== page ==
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Octopods Rule

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  • #61
    Originally posted by dino_electropolis View Post
    shouldnt this be titled "Octopi Rule".....or even "Octopodes Rule"
    No, you're right. BUT.. if anything, it is a foreshadowing of the Earth's future. When Man Rule comes to an end, and Octopus Rule takes over.

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    • #62
      Octopi have 8 tentacles.

      But MONSTER OCTOPI CAN HAVE UP TO 96!

      That's enough to grab you, your family, your pets, your neighbors, a few squirrels and any eyewitnesses, and drag you all down to the depths below.



      Monster octopi with scores of extra tentacles

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      • #63
        Originally posted by Furtherman View Post
        No, you're right. BUT.. if anything, it is a foreshadowing of the Earth's future. When Man Rule comes to an end, and Octopus Rule takes over.
        Originally posted by Furtherman View Post


        it may be happening already...

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        • #64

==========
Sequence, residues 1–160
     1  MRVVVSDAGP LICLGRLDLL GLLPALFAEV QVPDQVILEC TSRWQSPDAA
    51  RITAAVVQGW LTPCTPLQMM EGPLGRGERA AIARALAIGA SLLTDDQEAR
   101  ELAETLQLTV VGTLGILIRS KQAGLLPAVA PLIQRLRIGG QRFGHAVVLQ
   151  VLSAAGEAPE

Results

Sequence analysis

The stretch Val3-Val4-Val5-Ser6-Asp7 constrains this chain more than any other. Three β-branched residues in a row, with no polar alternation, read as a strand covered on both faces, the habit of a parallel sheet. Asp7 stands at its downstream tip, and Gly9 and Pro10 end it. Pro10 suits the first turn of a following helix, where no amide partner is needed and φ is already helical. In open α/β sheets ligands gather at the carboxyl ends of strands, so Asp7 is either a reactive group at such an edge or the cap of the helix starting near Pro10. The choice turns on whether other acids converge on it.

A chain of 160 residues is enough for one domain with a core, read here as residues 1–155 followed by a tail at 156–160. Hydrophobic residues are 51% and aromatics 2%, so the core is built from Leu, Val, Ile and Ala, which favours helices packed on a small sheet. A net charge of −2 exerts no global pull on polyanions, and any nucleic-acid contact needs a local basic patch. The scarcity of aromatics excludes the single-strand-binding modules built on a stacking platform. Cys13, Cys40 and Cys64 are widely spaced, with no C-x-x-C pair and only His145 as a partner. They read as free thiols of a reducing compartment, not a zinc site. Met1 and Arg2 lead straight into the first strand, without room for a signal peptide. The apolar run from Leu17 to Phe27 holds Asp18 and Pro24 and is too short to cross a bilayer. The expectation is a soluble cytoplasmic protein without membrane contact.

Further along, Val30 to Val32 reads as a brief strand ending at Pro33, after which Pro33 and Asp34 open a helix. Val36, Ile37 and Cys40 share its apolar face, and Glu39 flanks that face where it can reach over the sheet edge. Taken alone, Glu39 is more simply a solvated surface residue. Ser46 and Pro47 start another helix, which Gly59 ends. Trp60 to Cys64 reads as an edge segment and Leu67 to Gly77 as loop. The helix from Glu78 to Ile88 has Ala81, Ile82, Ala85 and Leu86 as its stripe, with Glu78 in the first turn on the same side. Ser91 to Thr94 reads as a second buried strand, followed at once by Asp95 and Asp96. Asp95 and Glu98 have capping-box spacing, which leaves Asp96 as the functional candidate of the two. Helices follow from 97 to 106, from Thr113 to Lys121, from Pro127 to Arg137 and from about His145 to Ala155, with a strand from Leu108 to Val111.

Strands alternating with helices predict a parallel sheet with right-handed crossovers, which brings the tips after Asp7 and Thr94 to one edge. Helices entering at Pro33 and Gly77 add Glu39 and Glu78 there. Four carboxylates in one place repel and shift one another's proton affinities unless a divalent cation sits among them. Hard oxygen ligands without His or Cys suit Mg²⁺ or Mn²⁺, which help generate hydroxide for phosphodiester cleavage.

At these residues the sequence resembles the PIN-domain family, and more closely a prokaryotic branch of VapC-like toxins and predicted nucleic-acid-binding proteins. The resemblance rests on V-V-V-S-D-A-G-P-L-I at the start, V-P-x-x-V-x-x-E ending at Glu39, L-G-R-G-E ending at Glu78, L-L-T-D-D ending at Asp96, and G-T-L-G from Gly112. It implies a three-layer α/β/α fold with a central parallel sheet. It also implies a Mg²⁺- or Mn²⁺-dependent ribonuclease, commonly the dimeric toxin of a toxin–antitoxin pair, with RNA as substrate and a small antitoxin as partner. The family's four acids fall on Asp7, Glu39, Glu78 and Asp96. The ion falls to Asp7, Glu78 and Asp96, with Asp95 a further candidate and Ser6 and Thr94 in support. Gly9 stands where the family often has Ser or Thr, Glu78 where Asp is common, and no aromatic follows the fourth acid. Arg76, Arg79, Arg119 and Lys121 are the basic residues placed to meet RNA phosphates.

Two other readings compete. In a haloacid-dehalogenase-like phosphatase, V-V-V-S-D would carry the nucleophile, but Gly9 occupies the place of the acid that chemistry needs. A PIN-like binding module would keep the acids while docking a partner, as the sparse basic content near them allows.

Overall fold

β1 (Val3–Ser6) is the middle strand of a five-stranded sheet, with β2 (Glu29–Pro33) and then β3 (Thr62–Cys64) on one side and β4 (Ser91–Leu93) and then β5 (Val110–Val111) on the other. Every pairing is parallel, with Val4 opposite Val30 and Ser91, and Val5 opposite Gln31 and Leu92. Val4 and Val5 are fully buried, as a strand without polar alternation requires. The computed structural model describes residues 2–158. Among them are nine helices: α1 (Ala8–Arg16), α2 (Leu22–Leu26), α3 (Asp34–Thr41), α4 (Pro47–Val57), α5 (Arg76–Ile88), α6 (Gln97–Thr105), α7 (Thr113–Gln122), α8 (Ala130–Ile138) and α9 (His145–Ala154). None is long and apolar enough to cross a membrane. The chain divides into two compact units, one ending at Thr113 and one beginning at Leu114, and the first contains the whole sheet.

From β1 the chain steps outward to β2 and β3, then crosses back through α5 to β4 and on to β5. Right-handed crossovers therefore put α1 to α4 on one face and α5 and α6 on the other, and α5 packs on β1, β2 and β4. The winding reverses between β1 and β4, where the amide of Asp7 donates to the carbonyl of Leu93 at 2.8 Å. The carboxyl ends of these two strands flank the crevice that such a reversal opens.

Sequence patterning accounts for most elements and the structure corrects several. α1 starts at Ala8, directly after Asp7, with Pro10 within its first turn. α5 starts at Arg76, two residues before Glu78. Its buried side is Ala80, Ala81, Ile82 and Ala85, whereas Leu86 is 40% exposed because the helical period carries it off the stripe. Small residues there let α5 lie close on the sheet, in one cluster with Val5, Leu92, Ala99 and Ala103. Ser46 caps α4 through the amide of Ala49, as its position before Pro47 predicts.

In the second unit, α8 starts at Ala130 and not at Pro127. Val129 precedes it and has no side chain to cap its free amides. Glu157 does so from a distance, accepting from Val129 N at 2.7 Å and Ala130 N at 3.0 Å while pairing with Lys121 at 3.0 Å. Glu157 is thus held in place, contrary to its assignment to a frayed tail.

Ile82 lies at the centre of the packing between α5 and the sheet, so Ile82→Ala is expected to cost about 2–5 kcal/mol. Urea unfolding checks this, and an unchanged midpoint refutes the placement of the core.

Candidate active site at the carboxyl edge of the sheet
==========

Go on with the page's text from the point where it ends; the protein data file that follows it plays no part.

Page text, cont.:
Otto the octopus wreaks havoc

          Otto had been annoyed by the bright light shining into his aquarium and had discovered he could extinguish it by climbing onto the rim of his tank and squirting a jet of water in its direction.
          Once we saw him juggling the hermit crabs in his tank, another time he threw stones against the glass damaging it. And from time to time he completely re-arranges his tank to make it suit his own taste better - much to the distress of his fellow tank inhabitants.

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          • #65
            Originally posted by Furtherman View Post
            told you. they are smarter than presidential candidates, too.

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            • #66
              Oh those crazy eights are at it again!

              SANTA MONICA, Calif. - Staff at the Santa Monica Pier Aquarium say the trickster who flooded their offices with sea water was armed. Eight-armed, to be exact.